Sunday, November 2, 2008

remembering

I mostly process things with words.
The exciting things. The happy things. The hard things in life come out
in a jumble of words on paper or in a flow of characters across the computer screen.
It has been this way since jr. high.
Since Nick, the pitcher on my brother's baseball team, seemed so unattainable.
I recorded in my purple padded journal (with great joy) the first time he accepted a wad of big league chew bubblegum that I passed to him through the chain link fence.
And then there was that one time (5 gagillion) when I felt lonely in high school,
all of that flowed into sad angst ridden poems and word pictures in my
three ring binder. I tried to make sure my sorrow rhymed. It was better that way.
Tonight I am trying to process the 2 services that I attended this weekend.
The memorial services of two people who left their imprint on my life.
Claudine was family. She was my cousin Jessica's mother-in-law and my cousin
Alys's aunt. Even though we didn't share blood, we shared people.
And when you share people, you are family.
That is what she told me when she and her sister, Glynnis, agreed to do
the flowers for my wedding. She said to me, "Of course we will, you are family."
I remember telling them I had no idea what flowers I wanted but I wanted
them to be different colors because the bridesmaids dresses were off white.
I was all very vague about it. They came up with the most lovely of hydrangea laden bouquets, dusted in colors of deep burgundys and greens.
Beauty. On my wedding day, she and Glynnis made my best day...better.
And all the while I got the feeling that Claudine and Glynnis were having maybe
more fun than I was because every time I would see them, they were laughing.
Enjoying every minute of being together and creating this beauty between them.
Like sisters are wont to do. And I understood this. Because I have sisters.
It seems Claudine spread joy and beauty to whomever she touched.
She savored life. She made the ordinary special.
a quick lunch at El Rosal could turn into a full afternoon of laughter and companionship.
It was the essence of who she was, even at the end of her fight with cancer.
And then there was the service for Ralph.
One of Scott's and his best friend, Ben's, youth kids.
And when Scott and I got married, he became my youth kid, too.
We still call them youth kids. Even though these kids are nearing 30.
Ralph led with funny. You could count on whatever came out of his mouth being funny.
And he followed up the funny with love.
Because you could count on a hug right after the funny. At least I could.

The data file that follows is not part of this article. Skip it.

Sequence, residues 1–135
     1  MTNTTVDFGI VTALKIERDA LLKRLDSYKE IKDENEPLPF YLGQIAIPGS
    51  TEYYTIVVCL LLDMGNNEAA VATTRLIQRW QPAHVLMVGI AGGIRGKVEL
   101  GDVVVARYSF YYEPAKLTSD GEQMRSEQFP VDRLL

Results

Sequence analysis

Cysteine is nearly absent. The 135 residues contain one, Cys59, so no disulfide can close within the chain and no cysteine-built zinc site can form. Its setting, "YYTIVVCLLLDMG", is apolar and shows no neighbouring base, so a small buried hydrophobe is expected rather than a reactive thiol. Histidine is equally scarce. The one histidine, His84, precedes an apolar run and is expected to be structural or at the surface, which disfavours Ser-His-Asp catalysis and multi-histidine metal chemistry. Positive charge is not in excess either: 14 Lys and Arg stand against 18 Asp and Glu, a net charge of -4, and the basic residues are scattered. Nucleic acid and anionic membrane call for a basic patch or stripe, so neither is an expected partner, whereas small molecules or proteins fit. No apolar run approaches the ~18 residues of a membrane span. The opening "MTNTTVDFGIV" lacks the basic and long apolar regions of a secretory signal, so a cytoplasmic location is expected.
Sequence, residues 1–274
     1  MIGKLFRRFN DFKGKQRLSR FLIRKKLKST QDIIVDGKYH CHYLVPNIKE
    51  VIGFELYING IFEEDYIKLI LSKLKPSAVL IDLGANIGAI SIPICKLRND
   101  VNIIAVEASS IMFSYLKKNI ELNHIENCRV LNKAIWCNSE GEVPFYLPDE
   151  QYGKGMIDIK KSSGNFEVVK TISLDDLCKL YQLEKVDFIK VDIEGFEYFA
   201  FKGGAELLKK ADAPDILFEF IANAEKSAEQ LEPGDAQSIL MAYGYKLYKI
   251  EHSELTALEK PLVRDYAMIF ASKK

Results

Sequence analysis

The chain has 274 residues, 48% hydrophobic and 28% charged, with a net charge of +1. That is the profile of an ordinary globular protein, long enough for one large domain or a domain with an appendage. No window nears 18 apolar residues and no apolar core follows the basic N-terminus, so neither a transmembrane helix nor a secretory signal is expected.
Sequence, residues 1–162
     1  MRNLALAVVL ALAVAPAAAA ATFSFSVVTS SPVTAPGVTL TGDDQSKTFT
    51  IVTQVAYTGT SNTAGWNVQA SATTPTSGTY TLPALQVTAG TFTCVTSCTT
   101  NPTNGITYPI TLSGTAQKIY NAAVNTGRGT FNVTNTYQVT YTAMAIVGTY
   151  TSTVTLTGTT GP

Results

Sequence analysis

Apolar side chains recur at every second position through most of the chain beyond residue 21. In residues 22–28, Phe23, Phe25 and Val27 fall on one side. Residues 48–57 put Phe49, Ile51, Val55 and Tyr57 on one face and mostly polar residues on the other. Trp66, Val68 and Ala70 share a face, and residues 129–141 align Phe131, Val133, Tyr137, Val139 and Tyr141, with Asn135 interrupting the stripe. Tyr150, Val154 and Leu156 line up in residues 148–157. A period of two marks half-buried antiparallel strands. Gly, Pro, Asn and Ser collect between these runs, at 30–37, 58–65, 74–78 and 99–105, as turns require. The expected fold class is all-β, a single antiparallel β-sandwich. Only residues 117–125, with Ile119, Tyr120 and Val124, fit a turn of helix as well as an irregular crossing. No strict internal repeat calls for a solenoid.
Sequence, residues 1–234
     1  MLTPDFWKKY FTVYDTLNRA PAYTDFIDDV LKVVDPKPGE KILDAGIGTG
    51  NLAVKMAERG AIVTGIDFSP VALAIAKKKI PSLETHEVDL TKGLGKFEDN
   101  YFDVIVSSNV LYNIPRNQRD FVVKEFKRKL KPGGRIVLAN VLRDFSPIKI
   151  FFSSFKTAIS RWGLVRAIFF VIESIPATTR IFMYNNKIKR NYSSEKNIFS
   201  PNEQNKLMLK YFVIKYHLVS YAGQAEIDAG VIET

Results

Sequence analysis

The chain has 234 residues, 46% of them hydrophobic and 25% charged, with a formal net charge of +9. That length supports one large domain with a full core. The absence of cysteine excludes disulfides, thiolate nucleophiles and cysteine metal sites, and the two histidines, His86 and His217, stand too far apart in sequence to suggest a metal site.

Scott and Ralph would just clown each other relentlessly until someone would give.
Or until so many lines had been crossed that they had to stop,
lest they lose their salvation.
This continued even after Ralph had to have his leg amputated due to cancer.
I saw him in the church parking lot. He was sitting in the car.
His leg was still bandaged. I told him we were praying for him.
And asked, "Is there anything we can do for you?"
He thought for a moment and said,
"Maybe if Scott could put on some sparkly shorts and dance for me that would help."
I told him I would pass the message along.
He went on to tattoo a milk carton with a picture of a footprint on it on his other calf, just in case someone had seen his missing foot.
He put others at ease with his humor even when we didn't know how to address the painful journey he was going through.
There will never be another Ralph. There will never be another Claudine.
There has been a lot of crying going on. A lot of missing them.
There is no getting past that.
And I am not sure how to process that. Even with words.
Words can not encompass the spirit. The spirit of one shaped in the image of God.
But I will be praying for Claudine's family. And I will be praying for Ralph's family.
The ones they loved so well. The ones they loved best. The ones who will miss them the most.
And I will be remembering them.
With a deep sense of gratitude, for having known them,
for having experienced a bit of life with them,
and for them having left their mark upon my soul.


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2 comments:

.g. said...

I think you have a great way of expressing emotion and telling a story. It's so unique and refreshing. I'm not sure if you've heard of this project but it's great. Everyone is encouraged to write what they believe in and some are invited to read their essays on the radio. It makes me smile and reminds me of how good people really are.

http://thisibelieve.org/

There is also a project called Story Corps where a person interviews another person on anything in their life. It's all recorded and both programs have podcasts.

http://www.npr.org/templates/story/story.php?storyId=4516989

julie said...

This was lovely, Sue, especially the line: "And when you share people, you are family." I love that.